What is a PYP Language classroom like?

The PYP language classroom is a place where language is clearly in evidence in all its forms. There is a busy hum of discussion. The observer is tempted by the inviting book corner that is well stocked with reference books, picture books, story books, poetry books, students’ self-made books, and books in a variety of languages. Displays include a wide variety of print including students' writing, author of the month, questions from the current unit of inquiry, posters, charts, calendars, memoranda, and instructions. There may be a listening center that is freely accessible with iPads. A writing center has a collection of writing paper, journals, and materials from crayons to pens to markers so that students can write freely. The clearly labeled writing center has a variety of materials and equipment, a word processor and printer, different types of paper, envelopes, blank forms, card, bookbinding tape, and ready-made blank books.

How does a PYP Language classroom work?

Students may be reading silently, in book groups discussing their latest book, searching the Internet as part of an inquiry, reading stories on iPads, or familiarizing and analyzing different types of texts to further their writing. They move purposefully between the classroom and the quiet area as the task demands, switching readily from individual study to group discussion and seeking advice and comments from peers and the teacher as needed.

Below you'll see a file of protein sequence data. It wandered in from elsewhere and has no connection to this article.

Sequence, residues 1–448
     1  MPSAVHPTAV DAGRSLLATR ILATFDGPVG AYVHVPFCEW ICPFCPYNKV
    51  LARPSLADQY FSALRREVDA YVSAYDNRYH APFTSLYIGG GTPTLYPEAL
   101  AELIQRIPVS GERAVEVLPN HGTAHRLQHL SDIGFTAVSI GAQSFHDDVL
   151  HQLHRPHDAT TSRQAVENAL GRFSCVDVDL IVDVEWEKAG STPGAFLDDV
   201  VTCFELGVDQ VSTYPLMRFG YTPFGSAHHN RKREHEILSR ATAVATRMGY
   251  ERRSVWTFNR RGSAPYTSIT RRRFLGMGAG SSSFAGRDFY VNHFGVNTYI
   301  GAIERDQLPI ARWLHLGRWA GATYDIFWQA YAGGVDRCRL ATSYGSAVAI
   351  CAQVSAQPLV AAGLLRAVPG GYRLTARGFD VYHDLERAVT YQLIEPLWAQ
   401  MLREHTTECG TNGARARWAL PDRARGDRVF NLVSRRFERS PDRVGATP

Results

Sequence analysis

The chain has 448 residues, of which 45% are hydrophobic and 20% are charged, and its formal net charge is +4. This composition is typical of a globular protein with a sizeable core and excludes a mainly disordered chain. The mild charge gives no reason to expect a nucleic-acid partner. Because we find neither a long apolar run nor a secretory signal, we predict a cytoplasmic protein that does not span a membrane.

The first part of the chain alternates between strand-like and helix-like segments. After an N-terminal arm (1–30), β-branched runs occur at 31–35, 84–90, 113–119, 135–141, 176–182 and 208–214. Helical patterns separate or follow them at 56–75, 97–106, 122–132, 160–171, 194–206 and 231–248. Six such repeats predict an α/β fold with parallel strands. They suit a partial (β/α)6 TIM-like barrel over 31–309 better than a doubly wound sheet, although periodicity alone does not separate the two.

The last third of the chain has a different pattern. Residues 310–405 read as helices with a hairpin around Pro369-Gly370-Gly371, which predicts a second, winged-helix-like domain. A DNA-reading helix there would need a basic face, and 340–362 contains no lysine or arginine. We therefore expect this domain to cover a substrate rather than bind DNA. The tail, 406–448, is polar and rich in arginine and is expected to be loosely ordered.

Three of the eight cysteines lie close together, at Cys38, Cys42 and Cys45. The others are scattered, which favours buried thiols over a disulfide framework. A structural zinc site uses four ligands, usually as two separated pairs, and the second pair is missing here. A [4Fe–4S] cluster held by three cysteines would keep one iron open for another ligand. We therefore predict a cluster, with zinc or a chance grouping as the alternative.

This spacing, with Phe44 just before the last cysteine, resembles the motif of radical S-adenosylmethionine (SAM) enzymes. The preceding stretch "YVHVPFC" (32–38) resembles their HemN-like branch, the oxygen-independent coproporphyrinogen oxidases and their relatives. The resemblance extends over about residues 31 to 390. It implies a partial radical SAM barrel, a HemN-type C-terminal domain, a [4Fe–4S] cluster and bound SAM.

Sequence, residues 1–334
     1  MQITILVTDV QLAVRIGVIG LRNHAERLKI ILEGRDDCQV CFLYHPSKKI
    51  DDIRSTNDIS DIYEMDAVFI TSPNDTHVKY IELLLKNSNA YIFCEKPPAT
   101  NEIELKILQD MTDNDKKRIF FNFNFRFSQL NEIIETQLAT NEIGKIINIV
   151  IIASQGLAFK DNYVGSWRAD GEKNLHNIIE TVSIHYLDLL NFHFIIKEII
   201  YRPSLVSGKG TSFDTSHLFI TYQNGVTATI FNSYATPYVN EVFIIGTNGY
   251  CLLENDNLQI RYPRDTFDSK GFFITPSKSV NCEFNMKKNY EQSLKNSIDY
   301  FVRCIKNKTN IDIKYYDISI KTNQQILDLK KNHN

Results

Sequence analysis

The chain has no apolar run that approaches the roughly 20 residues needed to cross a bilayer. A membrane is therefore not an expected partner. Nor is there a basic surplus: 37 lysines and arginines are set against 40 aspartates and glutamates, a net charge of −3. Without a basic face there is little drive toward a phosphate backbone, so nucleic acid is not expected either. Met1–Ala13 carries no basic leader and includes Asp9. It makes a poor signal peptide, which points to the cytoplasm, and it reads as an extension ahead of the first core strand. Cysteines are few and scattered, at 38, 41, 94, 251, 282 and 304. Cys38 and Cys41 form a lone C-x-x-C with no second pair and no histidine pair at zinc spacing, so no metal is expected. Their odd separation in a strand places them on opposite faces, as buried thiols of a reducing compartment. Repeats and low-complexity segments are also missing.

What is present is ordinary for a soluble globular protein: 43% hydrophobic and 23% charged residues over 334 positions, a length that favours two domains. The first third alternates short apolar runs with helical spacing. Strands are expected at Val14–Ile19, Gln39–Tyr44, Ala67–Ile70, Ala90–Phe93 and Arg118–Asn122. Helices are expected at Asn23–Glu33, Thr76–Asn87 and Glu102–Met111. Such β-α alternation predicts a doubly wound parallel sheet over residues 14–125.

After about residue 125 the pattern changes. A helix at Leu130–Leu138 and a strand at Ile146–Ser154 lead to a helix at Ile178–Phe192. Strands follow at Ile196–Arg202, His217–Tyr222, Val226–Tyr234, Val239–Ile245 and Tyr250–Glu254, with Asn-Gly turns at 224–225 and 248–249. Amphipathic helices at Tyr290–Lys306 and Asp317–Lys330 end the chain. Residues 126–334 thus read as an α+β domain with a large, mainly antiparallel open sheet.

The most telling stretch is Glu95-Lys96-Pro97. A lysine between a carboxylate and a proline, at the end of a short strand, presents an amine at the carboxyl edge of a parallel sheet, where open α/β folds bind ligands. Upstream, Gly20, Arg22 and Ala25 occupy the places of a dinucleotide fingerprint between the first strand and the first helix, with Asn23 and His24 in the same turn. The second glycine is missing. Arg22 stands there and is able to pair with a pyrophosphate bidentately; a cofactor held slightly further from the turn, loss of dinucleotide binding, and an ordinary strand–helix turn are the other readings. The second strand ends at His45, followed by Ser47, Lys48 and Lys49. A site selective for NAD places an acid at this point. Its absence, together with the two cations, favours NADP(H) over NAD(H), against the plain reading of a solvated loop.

Writing is a significant activity in classes of all ages. Younger students are involved in independent writing, annotating pictures, making and writing books, and writing and sending letters. Older students work at various stages of the writing process: drafting, revising and editing imaginative stories, expressive poetry, persuasive essays, and scientific recounts. All students may also be blogging, collaborating with others on Twitter, or writing emails to peers from around the world.

The teacher moves freely between individual, group and whole-class situations. He or she may work with a group to brainstorm prewriting ideas, stop for a while to help a reluctant writer begin, pause to assist with an individual editing question, gather specific students for a group conferencing session, advise on an appropriate reference source, or collect the class for a summarizing session. The teacher models appropriate behavior and attitudes: speaking and listening respectfully, referring to reference sources, enthusiastically sharing ideas about a favorite novel, posing questions on the current unit of inquiry, skillfully guiding students' lines of questioning, encouraging divergent thinking, and sensitively supporting all individuals to aim for their best.